Chip Vendors to Become Major Force in Licensing Out IP
STAMFORD, Conn., August 14, 2006 — Demand for semiconductor intellectual property (IP) is growing, and the demand is shifting from simple IP to complex IP, according to Gartner, Inc. Worldwide IP revenue is projected to total $1.8 billion in 2006, a 24.9 percent increase from 2005 revenue of $1.4 billion. By 2010, worldwide semiconductor IP is forecast to surpass $2.7 billion.
Gartner defines semiconductor IP as predesigned blocks of circuits for use in making complete semiconductor devices. Its definition of the semiconductor IP market only includes revenue from IP sold on the open market. Captive IP, which is IP designed and used by one organization alone, is excluded.
“The semiconductor IP industry has matured considerably during the past five years,” said Christian Heidarson, senior research analyst for Gartner’s semiconductor group. “However, the next five years will bring major challenges to business models as demand for IP shifts from standard functions to more complex specifications.”
IP reuse will become even more important to chip design going forward. By boosting the productivity of design teams, IP reuse fuels one of the main trends in the chip industry: device integration. Moore’s law will still apply in 2010, so IP reuse will be crucial if chip makers are to achieve the large-gate-count chips required by future electronic products.
“For design teams to keep pace with Moore’s law, the IP in these complex designs has to get even more complex,” Mr. Heidarson said. “Also, new types of IP are required to meet the demands of the most complex devices, for instance, IP blocks to support network-on-chip architectures.”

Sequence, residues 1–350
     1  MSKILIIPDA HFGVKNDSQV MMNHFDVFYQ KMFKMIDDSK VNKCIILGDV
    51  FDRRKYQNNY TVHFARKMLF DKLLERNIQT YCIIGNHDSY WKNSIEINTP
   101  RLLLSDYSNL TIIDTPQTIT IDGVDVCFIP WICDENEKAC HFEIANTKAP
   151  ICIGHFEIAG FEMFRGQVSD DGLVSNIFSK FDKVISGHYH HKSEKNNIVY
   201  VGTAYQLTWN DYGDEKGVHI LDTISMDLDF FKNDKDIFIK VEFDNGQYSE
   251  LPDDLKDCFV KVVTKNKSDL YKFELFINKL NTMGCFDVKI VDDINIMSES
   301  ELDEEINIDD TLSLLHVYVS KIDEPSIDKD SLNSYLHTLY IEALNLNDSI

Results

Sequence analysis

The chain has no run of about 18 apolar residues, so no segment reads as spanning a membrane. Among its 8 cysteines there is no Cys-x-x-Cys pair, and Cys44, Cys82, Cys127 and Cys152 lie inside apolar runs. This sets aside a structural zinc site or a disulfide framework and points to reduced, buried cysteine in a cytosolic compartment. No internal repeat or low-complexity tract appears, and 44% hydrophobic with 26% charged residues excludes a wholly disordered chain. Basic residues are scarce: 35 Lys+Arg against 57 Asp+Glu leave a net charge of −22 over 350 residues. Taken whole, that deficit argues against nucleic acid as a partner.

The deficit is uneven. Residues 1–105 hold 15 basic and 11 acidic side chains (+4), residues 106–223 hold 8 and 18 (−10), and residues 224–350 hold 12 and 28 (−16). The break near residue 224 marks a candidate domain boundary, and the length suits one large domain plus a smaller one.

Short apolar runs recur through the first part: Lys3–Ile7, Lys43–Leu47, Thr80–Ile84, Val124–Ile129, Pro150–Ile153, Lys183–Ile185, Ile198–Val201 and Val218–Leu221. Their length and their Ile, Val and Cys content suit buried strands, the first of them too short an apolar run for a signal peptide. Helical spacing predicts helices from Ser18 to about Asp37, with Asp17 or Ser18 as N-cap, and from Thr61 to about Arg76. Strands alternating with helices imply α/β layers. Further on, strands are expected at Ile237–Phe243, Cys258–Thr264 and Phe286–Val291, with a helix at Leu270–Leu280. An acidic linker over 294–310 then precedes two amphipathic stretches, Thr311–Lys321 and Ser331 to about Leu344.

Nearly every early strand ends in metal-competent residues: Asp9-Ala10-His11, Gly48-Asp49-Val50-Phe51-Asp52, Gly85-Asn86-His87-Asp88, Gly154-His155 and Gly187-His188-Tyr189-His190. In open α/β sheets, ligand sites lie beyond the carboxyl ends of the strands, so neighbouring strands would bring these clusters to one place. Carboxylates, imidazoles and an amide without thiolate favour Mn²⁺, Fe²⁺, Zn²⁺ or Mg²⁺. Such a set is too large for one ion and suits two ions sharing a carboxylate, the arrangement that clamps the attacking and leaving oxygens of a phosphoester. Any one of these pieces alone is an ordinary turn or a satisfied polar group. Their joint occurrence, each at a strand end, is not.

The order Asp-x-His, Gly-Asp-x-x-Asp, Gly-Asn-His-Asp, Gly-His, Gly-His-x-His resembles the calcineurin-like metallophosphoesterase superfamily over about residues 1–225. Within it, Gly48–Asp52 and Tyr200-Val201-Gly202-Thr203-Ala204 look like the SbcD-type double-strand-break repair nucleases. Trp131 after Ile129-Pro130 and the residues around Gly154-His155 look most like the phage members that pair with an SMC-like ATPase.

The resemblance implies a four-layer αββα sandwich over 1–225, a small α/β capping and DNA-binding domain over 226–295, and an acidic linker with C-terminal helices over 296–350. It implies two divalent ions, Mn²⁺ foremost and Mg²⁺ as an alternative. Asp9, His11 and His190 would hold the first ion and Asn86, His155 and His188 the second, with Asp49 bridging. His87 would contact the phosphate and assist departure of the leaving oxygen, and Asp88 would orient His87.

Complex IP products have the potential to generate large revenue streams. However, they require customization, which means they will face the same problems as design services, such as being hard to scale.
“Vendors of highly differentiated IP will need to adapt their business model to pursue large deals with fewer customers. However, this will be a risky strategy for small vendors who may not survive if there are delays in market developments or a key customer fails outright,” Mr. Heidarson said.
Gartner analysts expect a significant number of complex IP solutions to be supplied by fabless semiconductor companies to complement their chip revenue. With their application expertise and their chip businesses to keep engineers busy during periods when licensing sales are slow, these companies will have a big advantage.
“The implication for the semiconductor IP industry is that it will become more segmented. There will be firms that focus on smaller IP blocks,” Mr. Heidarson said. “We expect vendors of highly differentiated IP to themselves become significant customers of smaller IP blocks, and that many of these firms will be semiconductor vendors. We advise players in the IP industry to prepare for a market landscape where, by 2010, at least two semiconductor vendors are found among the top 10 IP vendors.”
Additional information is available in the Gartner Dataquest report “Forecast: Semiconductor Intellectual Property, Worldwide, 2005-2010”. This report is available on Gartner’s Web site at http://www.gartner.com/DisplayDocument?ref=g_search&id=494233&subref=simplesearch
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